Note: Decisions of a three-justice panel are not to be considered as precedent before any tribunal.

ENTRY ORDER

SUPREME COURT DOCKET NO. 2003-164

AUGUST TERM, 2003

Nancy Eastman

v.

Lynn Fisher

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APPEALED FROM:

Windsor Family Court


DOCKET NO.217-6-01 WrDmp

Trial Judge: Amy M. Davenport

 

In the above-entitled cause, the Clerk will enter:

Father Lynn Fisher appeals from the family court= s final child support order. He argues that the court erred in calculating child support because: (1) it did not base its calculation on his monthly income as of the date indicated in a prior temporary order; and (2) it based its calculation on child-care expenses that lacked evidentiary support. We affirm.

Father and mother, Nancy Eastman, are the parents of Benjamin, 6, and Tanner, 3. The parties entered into a stipulated temporary child support order in September 2001, agreeing that father would pay mother $1200 per month as a compromise figure until a hearing could be held. The temporary order provided that A [a]t the time of the final child support hearing[,] findings shall be made as to the current income at the time of this temporary order and a guideline calculation done based on those income findings.@ In August 2002, Magistrate Christine Doremus held a hearing to establish the final child support order. At the hearing, father, a veterinarian and the sole shareholder and officer of the Claremont Animal Hospital, Inc., testified that he determines his own salary in consultation with his accountant. Father stated that the animal hospital employs approximately twenty-eight people and it grossed over $1.3 million dollars in 2001. Father reported wages of $130,000 in 2000 and $106,000 in 2001. He claimed that his income at the time of the hearing was approximately $78,000 per year. At the hearing, mother testified that her child care costs were approximately $600 per month. She did not provide any receipts for these expenses.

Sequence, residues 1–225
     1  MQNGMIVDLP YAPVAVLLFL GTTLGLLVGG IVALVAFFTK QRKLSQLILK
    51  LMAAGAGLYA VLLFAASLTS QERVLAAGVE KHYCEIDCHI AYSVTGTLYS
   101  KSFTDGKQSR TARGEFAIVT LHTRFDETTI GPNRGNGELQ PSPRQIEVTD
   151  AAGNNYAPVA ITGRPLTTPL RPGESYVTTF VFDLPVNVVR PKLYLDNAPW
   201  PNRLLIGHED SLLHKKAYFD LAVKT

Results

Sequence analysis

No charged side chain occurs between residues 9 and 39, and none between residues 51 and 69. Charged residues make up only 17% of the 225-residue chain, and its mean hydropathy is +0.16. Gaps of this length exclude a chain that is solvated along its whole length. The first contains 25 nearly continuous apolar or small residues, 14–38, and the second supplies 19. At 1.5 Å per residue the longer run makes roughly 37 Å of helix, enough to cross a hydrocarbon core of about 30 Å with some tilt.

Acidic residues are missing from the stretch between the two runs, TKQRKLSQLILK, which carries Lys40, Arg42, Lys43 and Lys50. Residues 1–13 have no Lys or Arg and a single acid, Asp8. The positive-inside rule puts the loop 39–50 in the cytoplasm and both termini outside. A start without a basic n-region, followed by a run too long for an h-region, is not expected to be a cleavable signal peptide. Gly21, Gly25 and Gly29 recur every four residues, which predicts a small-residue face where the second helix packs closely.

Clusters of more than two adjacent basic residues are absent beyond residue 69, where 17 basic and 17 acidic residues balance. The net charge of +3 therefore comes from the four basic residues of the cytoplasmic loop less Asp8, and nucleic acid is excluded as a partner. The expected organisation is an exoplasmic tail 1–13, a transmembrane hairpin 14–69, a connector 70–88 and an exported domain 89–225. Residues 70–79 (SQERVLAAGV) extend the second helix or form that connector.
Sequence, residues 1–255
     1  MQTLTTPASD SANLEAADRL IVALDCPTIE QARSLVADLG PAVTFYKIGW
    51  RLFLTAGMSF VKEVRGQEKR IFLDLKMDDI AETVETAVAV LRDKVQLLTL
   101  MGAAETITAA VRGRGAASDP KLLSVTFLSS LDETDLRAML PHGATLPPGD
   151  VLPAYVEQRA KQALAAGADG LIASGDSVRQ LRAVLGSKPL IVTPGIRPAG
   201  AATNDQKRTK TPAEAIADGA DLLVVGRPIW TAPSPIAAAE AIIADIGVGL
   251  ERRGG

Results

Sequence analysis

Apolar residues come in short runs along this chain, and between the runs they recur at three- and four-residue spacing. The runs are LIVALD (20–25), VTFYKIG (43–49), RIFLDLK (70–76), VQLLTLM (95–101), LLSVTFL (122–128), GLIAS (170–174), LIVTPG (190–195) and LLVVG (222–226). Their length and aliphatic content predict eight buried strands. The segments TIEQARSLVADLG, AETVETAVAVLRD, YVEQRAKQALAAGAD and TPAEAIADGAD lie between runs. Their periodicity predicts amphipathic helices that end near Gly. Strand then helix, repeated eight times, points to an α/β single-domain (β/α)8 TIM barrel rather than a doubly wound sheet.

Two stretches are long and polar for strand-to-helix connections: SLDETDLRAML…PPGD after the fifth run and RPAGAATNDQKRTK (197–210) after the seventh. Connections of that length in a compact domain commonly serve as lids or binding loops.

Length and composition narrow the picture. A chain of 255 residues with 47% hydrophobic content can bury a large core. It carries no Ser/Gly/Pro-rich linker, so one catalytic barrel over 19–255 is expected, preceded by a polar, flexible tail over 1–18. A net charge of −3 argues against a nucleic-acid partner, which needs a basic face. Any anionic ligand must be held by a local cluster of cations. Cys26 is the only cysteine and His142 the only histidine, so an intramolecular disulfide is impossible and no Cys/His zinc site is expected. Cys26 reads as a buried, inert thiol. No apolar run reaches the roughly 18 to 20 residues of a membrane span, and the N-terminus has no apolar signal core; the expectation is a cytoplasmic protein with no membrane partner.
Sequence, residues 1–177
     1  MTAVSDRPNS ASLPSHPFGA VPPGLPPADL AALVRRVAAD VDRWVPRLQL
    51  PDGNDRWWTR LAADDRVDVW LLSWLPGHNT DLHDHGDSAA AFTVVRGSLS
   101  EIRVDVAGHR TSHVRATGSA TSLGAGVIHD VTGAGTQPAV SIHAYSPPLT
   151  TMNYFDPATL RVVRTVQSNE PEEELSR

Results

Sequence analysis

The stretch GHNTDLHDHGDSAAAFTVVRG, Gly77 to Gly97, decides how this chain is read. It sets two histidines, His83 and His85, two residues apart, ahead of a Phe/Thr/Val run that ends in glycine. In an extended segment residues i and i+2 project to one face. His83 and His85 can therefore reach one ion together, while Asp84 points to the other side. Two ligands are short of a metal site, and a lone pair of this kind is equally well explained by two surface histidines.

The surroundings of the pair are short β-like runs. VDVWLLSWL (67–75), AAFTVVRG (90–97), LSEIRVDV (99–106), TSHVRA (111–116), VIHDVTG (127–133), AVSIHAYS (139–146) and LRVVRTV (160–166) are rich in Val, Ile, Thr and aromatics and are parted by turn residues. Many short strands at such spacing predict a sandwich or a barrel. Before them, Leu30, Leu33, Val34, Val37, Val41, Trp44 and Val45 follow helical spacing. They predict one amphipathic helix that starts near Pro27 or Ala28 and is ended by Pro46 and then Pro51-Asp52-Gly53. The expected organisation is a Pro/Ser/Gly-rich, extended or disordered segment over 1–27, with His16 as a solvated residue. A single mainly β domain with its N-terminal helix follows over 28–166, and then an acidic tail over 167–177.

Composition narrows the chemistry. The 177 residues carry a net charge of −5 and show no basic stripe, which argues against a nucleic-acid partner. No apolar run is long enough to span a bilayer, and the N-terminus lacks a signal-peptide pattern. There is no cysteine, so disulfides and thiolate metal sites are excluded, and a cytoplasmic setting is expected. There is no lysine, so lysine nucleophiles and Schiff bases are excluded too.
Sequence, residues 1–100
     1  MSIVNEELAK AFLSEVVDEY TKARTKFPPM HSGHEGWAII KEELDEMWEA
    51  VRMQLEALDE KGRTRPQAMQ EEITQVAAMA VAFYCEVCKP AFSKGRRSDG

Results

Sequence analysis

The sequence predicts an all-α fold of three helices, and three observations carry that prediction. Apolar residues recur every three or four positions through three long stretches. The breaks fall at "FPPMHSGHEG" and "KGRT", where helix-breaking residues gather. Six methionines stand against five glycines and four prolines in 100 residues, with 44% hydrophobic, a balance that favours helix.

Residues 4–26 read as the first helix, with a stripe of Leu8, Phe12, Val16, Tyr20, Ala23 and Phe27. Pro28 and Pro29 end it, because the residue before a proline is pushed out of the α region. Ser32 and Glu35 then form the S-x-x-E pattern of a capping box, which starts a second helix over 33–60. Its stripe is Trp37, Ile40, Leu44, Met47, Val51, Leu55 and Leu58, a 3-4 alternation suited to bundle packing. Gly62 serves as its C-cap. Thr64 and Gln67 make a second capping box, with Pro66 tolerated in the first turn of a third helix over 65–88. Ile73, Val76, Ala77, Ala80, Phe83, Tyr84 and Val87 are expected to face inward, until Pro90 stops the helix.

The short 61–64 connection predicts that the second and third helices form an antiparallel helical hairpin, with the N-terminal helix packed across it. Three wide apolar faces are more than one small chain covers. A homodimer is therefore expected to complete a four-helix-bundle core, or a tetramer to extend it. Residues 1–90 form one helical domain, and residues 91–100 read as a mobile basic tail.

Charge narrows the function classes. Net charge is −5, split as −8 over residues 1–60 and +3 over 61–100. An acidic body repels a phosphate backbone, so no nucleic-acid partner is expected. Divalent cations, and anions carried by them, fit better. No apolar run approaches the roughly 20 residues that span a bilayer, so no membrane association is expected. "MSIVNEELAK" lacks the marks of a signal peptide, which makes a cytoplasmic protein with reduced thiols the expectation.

In her September 2002 order, the magistrate determined that father should pay $1,468.11 per month in child support. The magistrate found father= s monthly salary to be $8,833.33, what he had earned in 2001, and used that figure in determining the proper amount of child support. The magistrate did not find father= s testimony about his diminished salary credible and concluded that he was voluntarily underemployed pursuant to 15 V.S.A. ' 653(5)(A)(iii). The magistrate found mother= s testimony about her child-care expenses credible and used these figures in her child support worksheets. Father appealed to the family court, arguing that the magistrate erred in failing to base its child support award on his income as of September 2001, and in accepting mother= s claimed child care expenses absent corroborating documentary evidence. The family court affirmed the magistrate= s order, concluding that the magistrate= s findings were supported by the record and she had acted within her discretion in determining father= s income. This appeal followed.

Father first argues that the family court erred by ignoring the parties= stipulation to assess his income as of September 2001, the date of the temporary order. Father asserts that the court abused its discretion by basing its child support award on an A arbitrarily assigned income figure.@ The family court rejected this argument, concluding that the temporary child support order did not require a narrow focus on September 2001, and the magistrate= s determination of father= s income was fully supported by father= s 2001 tax return.